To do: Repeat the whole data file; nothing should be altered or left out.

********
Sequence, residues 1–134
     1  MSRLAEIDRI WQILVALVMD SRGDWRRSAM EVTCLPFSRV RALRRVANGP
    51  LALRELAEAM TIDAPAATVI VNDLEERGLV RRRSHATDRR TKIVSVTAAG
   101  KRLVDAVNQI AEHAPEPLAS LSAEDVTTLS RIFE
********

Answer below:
Sequence, residues 1–134
     1  MSRLAEIDRI WQILVALVMD SRGDWRRSAM EVTCLPFSRV RALRRVANGP
    51  LALRELAEAM TIDAPAATVI VNDLEERGLV RRRSHATDRR TKIVSVTAAG
   101  KRLVDAVNQI AEHAPEPLAS LSAEDVTTLS RIFE